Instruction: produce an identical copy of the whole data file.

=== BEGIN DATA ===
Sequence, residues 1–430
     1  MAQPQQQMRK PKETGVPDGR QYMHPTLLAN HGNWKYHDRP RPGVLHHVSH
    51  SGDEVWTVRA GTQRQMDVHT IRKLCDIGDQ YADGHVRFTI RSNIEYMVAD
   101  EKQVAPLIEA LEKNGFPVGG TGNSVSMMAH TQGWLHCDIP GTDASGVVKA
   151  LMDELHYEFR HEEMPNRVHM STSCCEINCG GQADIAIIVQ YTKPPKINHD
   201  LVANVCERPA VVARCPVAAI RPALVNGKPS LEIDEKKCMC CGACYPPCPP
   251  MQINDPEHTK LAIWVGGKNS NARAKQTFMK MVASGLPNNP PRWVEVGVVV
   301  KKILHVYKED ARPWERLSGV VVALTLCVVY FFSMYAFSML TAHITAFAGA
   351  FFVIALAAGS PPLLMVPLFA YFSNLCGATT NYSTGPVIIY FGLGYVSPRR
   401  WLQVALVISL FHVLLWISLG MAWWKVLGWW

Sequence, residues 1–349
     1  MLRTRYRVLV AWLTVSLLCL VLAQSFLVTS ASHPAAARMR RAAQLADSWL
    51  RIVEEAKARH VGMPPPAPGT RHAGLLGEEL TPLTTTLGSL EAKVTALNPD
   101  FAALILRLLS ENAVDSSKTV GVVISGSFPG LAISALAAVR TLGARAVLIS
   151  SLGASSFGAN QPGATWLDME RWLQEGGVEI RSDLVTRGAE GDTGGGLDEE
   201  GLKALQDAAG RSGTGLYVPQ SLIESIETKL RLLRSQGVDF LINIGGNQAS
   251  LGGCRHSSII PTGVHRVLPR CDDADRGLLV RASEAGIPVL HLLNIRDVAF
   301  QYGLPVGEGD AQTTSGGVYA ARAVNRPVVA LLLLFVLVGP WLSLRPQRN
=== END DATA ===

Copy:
Sequence, residues 1–430
     1  MAQPQQQMRK PKETGVPDGR QYMHPTLLAN HGNWKYHDRP RPGVLHHVSH
    51  SGDEVWTVRA GTQRQMDVHT IRKLCDIGDQ YADGHVRFTI RSNIEYMVAD
   101  EKQVAPLIEA LEKNGFPVGG TGNSVSMMAH TQGWLHCDIP GTDASGVVKA
   151  LMDELHYEFR HEEMPNRVHM STSCCEINCG GQADIAIIVQ YTKPPKINHD
   201  LVANVCERPA VVARCPVAAI RPALVNGKPS LEIDEKKCMC CGACYPPCPP
   251  MQINDPEHTK LAIWVGGKNS NARAKQTFMK MVASGLPNNP PRWVEVGVVV
   301  KKILHVYKED ARPWERLSGV VVALTLCVVY FFSMYAFSML TAHITAFAGA
   351  FFVIALAAGS PPLLMVPLFA YFSNLCGATT NYSTGPVIIY FGLGYVSPRR
   401  WLQVALVISL FHVLLWISLG MAWWKVLGWW

Sequence, residues 1–349
     1  MLRTRYRVLV AWLTVSLLCL VLAQSFLVTS ASHPAAARMR RAAQLADSWL
    51  RIVEEAKARH VGMPPPAPGT RHAGLLGEEL TPLTTTLGSL EAKVTALNPD
   101  FAALILRLLS ENAVDSSKTV GVVISGSFPG LAISALAAVR TLGARAVLIS
   151  SLGASSFGAN QPGATWLDME RWLQEGGVEI RSDLVTRGAE GDTGGGLDEE
   201  GLKALQDAAG RSGTGLYVPQ SLIESIETKL RLLRSQGVDF LINIGGNQAS
   251  LGGCRHSSII PTGVHRVLPR CDDADRGLLV RASEAGIPVL HLLNIRDVAF
   301  QYGLPVGEGD AQTTSGGVYA ARAVNRPVVA LLLLFVLVGP WLSLRPQRN